Is this a comedy why is it a comedy not too much

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Is this a comedy? Why is it a comedy? Not too much that’s really truly funny o Referred to a problem play; a play that addresses serious problems about society through the mode of comedy ° In much ado and taming: common themes Playful/seductive play of power When is seduction a tool of power or a tool of violence Ideal versus real love themes The community, and certain individuals, have very strong ideas of what love should be, and how love should look like, and how it should be played out in social circumstances o Regulation of love and courting in the community
° ° Government in England State power in the renaissance o The gov’ts in the English renaissances were way LESS powerful than most contemporary governments No standing army Few paid governmental employees Didn’t control very much of the gross domestic products (GDP); only about 3% of the total wealth that the monarch controlled o Governments had to rely on persuasion rather than coercion to regulate their citizens Teaching, preaching, writing, propaganda Contradicting the government was morally wrong, Un- Christian, and would result in divine retribution English government in the renaissance o Monarch (head of state) o Parliament Developed from a feudal system in which a monarch sought support form other nobility and landowners C. 1270 the English parliament became more formalized when Edward I sought to unite England into one state C. 1350= House of Lords (nobility) and House of Commons (knights and landowners) C. 1485-1649= parliament’s processes become more formalized, it has a permanent seat, it becomes more independent of the monarch 1649- Charles I executed Divine Rights of Kings (Monarchs) o Tried to inflate the power through this theory of the divine rights of kings o This theory aimed to instill obedience in citizens by explaining why everyone is religiously and morally obligated to obey they government o Using religion as a justification for political decisions o Basic claims:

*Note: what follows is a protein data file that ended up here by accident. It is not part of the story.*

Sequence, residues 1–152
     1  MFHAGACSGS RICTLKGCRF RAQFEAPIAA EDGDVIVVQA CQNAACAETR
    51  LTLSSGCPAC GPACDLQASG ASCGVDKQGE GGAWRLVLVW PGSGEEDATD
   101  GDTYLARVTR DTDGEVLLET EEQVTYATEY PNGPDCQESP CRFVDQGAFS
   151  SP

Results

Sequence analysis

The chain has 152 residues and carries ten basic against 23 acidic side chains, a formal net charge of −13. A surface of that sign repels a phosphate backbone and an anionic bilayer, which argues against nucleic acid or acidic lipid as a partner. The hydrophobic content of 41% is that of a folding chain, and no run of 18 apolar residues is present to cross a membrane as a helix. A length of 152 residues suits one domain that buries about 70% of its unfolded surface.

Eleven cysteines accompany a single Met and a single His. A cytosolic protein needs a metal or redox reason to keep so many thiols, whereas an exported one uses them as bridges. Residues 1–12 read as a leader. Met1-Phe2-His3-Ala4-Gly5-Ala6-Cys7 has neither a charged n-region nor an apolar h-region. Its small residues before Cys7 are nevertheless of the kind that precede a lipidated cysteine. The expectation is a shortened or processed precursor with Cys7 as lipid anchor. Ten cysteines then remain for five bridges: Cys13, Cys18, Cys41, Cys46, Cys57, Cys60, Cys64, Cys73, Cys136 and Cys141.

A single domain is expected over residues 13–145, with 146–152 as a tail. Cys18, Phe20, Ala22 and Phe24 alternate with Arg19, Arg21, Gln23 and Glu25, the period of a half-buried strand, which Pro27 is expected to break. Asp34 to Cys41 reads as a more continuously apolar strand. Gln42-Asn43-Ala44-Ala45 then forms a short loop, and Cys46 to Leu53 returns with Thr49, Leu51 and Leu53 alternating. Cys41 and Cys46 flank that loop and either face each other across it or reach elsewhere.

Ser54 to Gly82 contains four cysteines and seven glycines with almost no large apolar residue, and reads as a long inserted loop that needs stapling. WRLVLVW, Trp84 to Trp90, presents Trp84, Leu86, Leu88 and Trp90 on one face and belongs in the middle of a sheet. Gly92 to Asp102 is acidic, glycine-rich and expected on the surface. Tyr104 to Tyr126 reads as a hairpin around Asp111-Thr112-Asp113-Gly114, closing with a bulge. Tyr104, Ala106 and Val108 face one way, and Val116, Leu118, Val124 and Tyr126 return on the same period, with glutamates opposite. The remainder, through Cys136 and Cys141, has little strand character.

God endows monarchs with celestial authority The monarch’s power comes directly from god The monarchs power does not come form the people; he/she is not accountable to them The king makes final decisions on all aspects of government, including the church Subjects can therefore not resist the orders of monarchs (the doctrine of non-resistances), but if the monarch’s orders directly contradict God’s commandments, the subject should disobey but also accept any penalty for disobedience James I—written during his reign o Published works in defense of royal power o Yet there was rising discontent as James I introduced additional taxes on imports and exports and ignored parliament’s wishes in religions and foreign policy ° ° Act I What kind of comment can this play be making about governance, via the Duke o Concerned about his image and how he would look if he changed his ruling now after being so lenient in the past o

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